Is the animation/graphics for NASA's Webb telescope in error?

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  • #1
swampwiz
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I am looking at the webpage for the status, and it seems to me that there is a big error in the graphics:
https://webb.nasa.gov/content/webbLaunch/whereIsWebb.html?units=metric

It shows the Earth such that it appears that the axis of rotation is going from the bottom-right to the lop-left. Since Webb is moving away from the Sun, this would mean that the northern hemisphere dips toward the ecliptic on the sunny side, and not the night side, which would indicate summer for the northern hemisphere - and of course, the Webb launch & Lagrangian Point insertion is taking place in the winter.

What am I missing here?
 

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  • #2
DaveC426913
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It shows the Earth such that it appears that the axis of rotation is going from the bottom-right to the lop-left.
This?
1642368245575.png

Are you inferring that this is intended to depict an accurate tilt?
If so, surely they would have depicted the axis explicitly.


It's a fixed graphical icon - a 128x128 gif,
and it's resized and used elsewhere:

1642368704996.png
 
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  • #3
collinsmark
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Astute observation, but...

One thing to note is that the horizontal axis does not represent distance. It's meant to represent time.

So it doesn't make sense to think of the graphics as representing a snapshot of Earth + L2 point as viewed as its tangential orbit around the Sun. That's not what it's meant to convey.

It's just time: The time it takes for JWST to reach L2 insertion: Starting from the time of launch and ending at the time of L2 insertion.

So the graphics? They don't mean anything spatially. Their orientations don't matter since they don't represent anything outside of event times.

--------
Edit: Oops, I see now that there is a button that can be pressed such that the horizontal axis is changed to represent distance, rather than time.

Still, this distance is the scalar distance of the JWST in between the Earth and the L2 insertion point. Even in this case, it's not meant to be a snapshot of Earth and L2 point as seen from tangential perspective. Rather it's just a measure of scalar distance between the start and end (i.e., it's not meant to represent JWST's actual trajectory).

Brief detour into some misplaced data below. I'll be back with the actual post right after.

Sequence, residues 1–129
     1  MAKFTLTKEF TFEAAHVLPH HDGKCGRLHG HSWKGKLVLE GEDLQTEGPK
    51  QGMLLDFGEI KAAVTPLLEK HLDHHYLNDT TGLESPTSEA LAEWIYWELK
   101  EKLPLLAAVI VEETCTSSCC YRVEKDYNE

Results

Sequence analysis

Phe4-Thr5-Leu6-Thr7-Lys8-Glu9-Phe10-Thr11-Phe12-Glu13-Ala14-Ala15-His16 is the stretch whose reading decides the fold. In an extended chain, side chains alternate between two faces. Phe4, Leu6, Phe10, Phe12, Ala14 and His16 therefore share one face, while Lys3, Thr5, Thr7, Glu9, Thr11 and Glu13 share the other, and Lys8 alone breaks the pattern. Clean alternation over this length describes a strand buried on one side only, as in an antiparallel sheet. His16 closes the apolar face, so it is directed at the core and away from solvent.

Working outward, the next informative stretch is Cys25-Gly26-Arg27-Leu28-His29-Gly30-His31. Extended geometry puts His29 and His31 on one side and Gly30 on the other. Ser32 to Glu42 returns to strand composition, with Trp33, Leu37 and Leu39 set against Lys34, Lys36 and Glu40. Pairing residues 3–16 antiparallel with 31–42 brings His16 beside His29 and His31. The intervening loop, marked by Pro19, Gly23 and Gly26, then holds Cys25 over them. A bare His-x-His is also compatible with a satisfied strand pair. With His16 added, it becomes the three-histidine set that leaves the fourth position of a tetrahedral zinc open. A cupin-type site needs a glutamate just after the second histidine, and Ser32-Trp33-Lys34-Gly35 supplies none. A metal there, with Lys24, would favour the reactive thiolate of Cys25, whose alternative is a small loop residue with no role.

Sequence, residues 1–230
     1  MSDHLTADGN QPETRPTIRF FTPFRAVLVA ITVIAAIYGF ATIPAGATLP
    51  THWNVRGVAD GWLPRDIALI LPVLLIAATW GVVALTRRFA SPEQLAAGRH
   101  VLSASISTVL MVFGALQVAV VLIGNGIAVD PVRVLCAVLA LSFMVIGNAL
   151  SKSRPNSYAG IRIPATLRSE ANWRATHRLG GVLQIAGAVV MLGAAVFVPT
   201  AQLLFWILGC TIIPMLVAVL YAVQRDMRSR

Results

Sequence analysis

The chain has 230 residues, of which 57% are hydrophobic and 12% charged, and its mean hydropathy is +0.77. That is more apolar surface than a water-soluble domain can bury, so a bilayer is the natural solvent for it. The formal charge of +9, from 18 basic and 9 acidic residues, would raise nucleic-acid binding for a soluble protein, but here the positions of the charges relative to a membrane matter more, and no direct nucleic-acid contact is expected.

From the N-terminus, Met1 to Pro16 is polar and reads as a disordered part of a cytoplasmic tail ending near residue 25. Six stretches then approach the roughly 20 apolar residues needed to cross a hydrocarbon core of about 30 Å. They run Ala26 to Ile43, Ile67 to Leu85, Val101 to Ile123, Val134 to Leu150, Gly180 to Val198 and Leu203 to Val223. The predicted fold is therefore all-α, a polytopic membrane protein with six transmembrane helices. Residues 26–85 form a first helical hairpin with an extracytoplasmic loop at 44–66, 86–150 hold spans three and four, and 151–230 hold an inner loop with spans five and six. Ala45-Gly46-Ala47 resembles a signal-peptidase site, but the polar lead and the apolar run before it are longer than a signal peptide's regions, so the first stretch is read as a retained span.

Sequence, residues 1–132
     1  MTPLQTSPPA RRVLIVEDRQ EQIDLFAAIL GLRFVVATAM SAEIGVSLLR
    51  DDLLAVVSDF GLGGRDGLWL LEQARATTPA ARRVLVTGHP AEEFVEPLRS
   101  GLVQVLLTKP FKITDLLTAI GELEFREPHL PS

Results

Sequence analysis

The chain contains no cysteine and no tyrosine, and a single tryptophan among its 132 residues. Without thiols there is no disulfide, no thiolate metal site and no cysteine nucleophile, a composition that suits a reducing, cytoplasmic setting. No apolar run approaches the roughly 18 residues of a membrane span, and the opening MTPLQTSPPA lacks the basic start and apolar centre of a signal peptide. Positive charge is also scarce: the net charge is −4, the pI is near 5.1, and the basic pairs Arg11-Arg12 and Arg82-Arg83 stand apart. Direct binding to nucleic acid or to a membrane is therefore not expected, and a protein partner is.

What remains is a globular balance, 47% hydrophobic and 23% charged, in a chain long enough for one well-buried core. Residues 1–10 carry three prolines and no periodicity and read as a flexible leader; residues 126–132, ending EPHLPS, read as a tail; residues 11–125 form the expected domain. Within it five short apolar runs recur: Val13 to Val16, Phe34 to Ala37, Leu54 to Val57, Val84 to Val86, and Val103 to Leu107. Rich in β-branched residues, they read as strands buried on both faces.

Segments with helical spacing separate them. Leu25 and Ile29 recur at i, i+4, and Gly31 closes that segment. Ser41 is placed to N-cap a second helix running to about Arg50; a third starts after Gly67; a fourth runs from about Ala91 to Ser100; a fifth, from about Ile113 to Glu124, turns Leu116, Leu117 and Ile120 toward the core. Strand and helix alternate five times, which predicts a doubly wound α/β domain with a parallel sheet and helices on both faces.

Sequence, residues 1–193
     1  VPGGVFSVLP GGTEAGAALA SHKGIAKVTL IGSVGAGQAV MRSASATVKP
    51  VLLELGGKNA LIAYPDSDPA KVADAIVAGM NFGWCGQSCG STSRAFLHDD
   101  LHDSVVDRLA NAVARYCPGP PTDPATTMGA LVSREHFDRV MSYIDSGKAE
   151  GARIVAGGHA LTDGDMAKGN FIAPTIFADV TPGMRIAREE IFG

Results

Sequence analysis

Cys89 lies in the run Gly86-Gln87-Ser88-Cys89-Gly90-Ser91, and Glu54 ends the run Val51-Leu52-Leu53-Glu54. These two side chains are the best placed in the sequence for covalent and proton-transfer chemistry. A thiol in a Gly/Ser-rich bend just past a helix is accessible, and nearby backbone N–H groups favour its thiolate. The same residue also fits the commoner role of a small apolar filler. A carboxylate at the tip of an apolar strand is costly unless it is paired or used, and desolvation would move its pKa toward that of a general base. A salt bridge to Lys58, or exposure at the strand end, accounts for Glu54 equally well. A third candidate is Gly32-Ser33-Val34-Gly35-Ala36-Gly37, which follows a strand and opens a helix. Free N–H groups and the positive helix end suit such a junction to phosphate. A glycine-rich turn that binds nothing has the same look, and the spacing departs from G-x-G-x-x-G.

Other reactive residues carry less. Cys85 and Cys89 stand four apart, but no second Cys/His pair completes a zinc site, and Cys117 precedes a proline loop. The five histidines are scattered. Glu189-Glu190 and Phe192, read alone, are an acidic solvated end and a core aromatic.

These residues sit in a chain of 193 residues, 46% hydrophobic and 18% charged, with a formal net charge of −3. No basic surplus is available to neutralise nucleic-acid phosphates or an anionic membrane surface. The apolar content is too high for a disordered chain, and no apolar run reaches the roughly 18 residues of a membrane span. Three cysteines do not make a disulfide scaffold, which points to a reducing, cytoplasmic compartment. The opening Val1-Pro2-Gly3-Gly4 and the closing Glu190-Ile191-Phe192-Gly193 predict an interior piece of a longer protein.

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  • #4
DaveC426913
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One thing to note is that the horizontal axis does not represent distance.
Well, unless you want it to.

1642393234243.png



they don't represent anything outside of event times.
... or distances ...

:wink:
 
  • #5
collinsmark
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Well, unless you want it to.

View attachment 295617



... or distances ...

:wink:
Yeah, I see that now. :blushing:

Still, it's not meant to represent an actual trajectory. I agree with you that the icons, and even the horizontal axis itself, are not meant to represent anything detailed. It's just a timeline -- or distance line -- and not a snapshot of a three dimensional, spatial system.
 
  • #6
Office_Shredder
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I hypothesize the center of that Earth graphic is the spot on Earth the telescope was launched from.

Edit: well maybe North/South, but the center looks like it's on the west coast of south America and actually it was launched from the east coast.
 
  • #7
JLowe
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I was under the impression it was just a simple graphical tool for our benefit and not to be analyzed too deeply.
 
  • #8
DaveC426913
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I hypothesize the center of that Earth graphic is the spot on Earth the telescope was launched from.

Edit: well maybe North/South, but the center looks like it's on the west coast of south America and actually it was launched from the east coast.
The horizontal line matches up with the equator as it crosses S.A.

I propose that we cannot trust it represents anything except a generic Earth.
 
  • #9
swampwiz
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This?
View attachment 295595
Are you inferring that this is intended to depict an accurate tilt?
If so, surely they would have depicted the axis explicitly.


It's a fixed graphical icon - a 128x128 gif,
and it's resized and used elsewhere:

View attachment 295596
Yes, that is it. I guess that now that I think about it, it is not really at any axis of tilt. And the outline of the continents is a bit sloppy (even for the pixelation).
 
  • #10
Motore
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Oh come on, it's just a simple GIF of Earth. I don't see how anyone can mistake it for something meaningful.
 

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